WIT.Connect – February 2020 Pre-Event Interview/Blog

On February 20th, Women In Technology (WIT) will welcome Genevieve Morris, Founder of Integral Health Strategies (HIS), and Patty Obermaier, Vice President of U.S. Health and Life Sciences Organization at Microsoft, for a discussion on the state of technology in healthcare. In advance of our event, we asked Genevieve and Patty to share some of their thoughts on the topic with the following Q&A.

1.  What is the most innovative health improving technology you know of?

Patty: I see a vast opportunity with Artificial Intelligence in health. From drawing insights from wearables to make use of the indices captured to predict depression, mood, or disease, to advancing digital therapy with Xbox for physical therapy, AI is opening doors to innovations we have not been able to accomplish before. AI can help drive more accurate diagnoses and provide both individual and population insights in order to reduce health inequities. To address health equity, we need to understand community health, population health, and public health data. We can predict compliance around taking medications, showing up for injected medications, or making appointments, all based on various factors in their environment. The largest predictive factor of health is your zip code, and paired with AI, could help us all deliver better care.

2.  In ten years, when it comes to Health IT, what will we shake our heads and think: What were they thinking in 2020?

Genevieve: I suspect it’s going to be the free for all of patient data that we’re actively creating.  I think we’ll look back with regret and be able to trace increasing healthcare costs and inundation of ads to our healthcare data being shared with “big data.”  Innovation is fantastic, and I love technology innovations, but not at the expense of privacy.  I think in 2020 we’ll have figured out a way (hopefully) to have privacy and technological innovation simultaneously.

Patty: I believe we will look back and wonder how patient records were isolated to episodes of care, particular to specific institutions, instead of a lifelong record. As the landscape for medical records moves towards longitudinal, or generational, records, both patients and clinicians will be better informed to provide personalized care. Longitudinal Medical Records (LMR’s) will improve our ability and accuracy around identifying and determining chronic diseases, enabling highly personalized genomics, and allow us to prescriptively monitor potential diseases. Currently, we follow generic baseline recommendations instead of personalized averages to flag potential health risks. Generational data will explain patterns of health and disease based on where individuals’ genes come from.

3.   What is the most interesting trend for 2020?

Genevieve: Blockchain – just kidding. I believe it’s going to be the increasing use of biometrics within the space for identity management.  The cost of biometric “equipment” is decreasing, and companies are coming up with new types of biometrics that address unique healthcare needs (i.e. not wanting to touch a scanner).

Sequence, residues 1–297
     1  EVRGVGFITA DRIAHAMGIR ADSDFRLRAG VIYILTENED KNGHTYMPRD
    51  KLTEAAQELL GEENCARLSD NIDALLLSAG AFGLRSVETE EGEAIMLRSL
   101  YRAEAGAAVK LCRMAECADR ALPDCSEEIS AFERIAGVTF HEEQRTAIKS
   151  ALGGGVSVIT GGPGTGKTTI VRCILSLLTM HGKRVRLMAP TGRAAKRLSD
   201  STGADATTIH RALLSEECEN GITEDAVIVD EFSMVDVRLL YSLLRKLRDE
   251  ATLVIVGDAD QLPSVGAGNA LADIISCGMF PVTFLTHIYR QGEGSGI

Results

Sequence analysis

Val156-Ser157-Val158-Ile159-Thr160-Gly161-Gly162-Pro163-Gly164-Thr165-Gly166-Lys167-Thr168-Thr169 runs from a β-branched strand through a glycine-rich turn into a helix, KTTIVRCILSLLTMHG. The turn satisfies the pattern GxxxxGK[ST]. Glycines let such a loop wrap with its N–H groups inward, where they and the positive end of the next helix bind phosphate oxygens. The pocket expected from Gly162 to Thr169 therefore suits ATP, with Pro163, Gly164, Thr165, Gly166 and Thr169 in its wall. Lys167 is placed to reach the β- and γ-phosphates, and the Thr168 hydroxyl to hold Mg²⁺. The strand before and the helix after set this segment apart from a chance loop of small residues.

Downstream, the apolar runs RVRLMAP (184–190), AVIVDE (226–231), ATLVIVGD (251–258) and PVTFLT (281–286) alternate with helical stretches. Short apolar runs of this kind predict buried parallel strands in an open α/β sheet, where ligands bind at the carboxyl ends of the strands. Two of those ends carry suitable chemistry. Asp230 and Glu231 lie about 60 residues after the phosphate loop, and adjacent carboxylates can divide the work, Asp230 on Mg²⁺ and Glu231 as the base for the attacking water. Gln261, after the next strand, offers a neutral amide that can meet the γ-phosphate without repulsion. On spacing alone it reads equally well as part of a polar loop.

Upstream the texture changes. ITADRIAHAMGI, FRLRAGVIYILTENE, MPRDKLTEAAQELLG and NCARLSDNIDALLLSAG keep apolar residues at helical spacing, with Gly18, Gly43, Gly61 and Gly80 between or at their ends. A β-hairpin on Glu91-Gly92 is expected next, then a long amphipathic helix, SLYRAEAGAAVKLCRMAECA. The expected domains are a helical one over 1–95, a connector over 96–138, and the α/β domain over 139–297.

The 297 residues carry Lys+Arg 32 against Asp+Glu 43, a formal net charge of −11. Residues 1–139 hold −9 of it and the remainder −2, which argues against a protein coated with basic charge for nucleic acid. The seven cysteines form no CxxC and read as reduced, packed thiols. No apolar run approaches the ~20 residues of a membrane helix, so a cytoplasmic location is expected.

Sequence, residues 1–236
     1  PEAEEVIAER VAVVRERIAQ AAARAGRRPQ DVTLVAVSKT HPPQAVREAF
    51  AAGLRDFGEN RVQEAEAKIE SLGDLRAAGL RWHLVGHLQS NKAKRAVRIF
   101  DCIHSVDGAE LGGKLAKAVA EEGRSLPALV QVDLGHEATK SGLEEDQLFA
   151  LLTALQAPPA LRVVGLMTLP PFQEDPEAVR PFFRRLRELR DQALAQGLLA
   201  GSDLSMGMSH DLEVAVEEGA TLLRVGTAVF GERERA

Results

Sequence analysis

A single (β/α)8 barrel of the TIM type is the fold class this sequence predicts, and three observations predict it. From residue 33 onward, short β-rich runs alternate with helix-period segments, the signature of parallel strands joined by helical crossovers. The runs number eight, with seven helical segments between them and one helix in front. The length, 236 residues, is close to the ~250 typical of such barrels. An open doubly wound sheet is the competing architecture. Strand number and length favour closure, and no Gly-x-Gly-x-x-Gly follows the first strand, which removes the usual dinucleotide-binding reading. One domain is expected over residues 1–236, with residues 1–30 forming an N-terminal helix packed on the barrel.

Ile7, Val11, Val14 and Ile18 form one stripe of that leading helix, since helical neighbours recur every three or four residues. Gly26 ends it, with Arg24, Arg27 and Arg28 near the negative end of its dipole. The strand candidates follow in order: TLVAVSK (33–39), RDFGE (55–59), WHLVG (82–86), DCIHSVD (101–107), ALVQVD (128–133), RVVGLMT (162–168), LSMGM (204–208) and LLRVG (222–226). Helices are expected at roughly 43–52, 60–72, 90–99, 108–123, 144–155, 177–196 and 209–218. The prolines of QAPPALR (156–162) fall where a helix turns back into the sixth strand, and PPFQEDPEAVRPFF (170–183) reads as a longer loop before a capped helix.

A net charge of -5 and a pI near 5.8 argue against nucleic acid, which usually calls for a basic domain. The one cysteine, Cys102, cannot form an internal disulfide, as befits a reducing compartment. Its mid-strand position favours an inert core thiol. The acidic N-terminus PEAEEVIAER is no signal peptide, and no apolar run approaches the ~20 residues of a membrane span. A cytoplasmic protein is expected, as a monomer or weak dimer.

Patty: I have no doubt in my mind that the most pertinent trend for this year is the shift to open interoperability for patient records. Microsoft has taken a very clear stance in support of the 21st Century Cures Act, and our Corporate Vice President for Microsoft Healthcare, Peter Lee, recently spoke publicly about Microsoft’s perspective and support in this transition. Patient record accessibility will enable more patient engagement and involvement, as well as improve patient satisfaction. We will see the shift for wellness and care move to more consumer-oriented behavior – the ‘retailization’ for the health industry. Open interoperability will also improve the quality of records as patients themselves will be able to identify clinician errors around their own data. This will push down the price of care, creating a more competitive market as patients will be able to move more freely from different providers. This is a moment of great transformation in an industry that is hungry for innovation and places the focus back on the patient.

4.   What made you decide to tackle this subject? How did you get into this field, and why do you stay?

Genevieve: My primary focus in health IT has been interoperability.  I became passionate about interoperability because of the tremendous impact the lack of interoperability has had on my family.  My brother-in-law, like many ended up with an opioid addiction, which started in 2010.  This was way before we knew anything about this crisis. I saw him bounce around EDs, and it took more than a year for any of us to realize he was drug seeking. The hospitals didn’t realize it either because no data was shared between them.  I saw the devastating consequences up close of what happens when data isn’t shared.  Throughout my time in health IT, I’ve experienced these effects with various family members and friends, and it keeps me passionate about fixing these issues.


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